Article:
Deloss round room is designed to be the optimal observation space. He doesnt have a moment of privacy. Not in the bathroom, not in his bedroom, nowhere. But he doesnt know that because the glass walls of his cage are fogged. Joy wanted to show Delos engaging in deeply private activity that he never would if he knew he was being observed. Once again, most of this wasnt in the script. Joy recalls thinking: “This is HBO so we can push the envelope a little bit right? I really wanted to think about if I was this character—the patriarch and head of this really powerful empire—and Im in this room and bored out of my mind. What are the things I would do, especially if I'm assuming no ones watching?”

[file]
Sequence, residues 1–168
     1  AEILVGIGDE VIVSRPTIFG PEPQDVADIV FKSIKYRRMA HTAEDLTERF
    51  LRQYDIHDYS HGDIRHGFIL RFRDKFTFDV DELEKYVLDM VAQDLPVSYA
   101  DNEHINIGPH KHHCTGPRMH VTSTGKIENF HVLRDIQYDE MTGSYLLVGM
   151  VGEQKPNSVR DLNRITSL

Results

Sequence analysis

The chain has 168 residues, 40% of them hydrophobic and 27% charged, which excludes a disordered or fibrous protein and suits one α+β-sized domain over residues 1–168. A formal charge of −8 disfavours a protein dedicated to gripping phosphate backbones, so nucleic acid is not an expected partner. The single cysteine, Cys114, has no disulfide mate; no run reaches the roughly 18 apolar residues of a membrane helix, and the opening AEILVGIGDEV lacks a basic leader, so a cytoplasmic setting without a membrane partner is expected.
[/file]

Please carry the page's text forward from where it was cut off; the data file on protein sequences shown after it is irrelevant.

Delos would likely never be seen dancing—certainly not in this unconstrained way. In that sense, this scene is very different from the Ex Machina sequence which is intended as a performative display. Delos is just dancing for himself. But Joy and her willing accomplice, actor Peter Mullen, didnt stop there.

“He was totally game,” Joy says when she suggested adding some private moments to Jims scripted routine. “He just threw himself into it. The dailies of him dancing are some of my favorite dailies in the world. He also added, Hey when Im also taking a piss what if I also gargle and spit? That was totally Peter. He just thought that would be an extra funny strange thing to do.”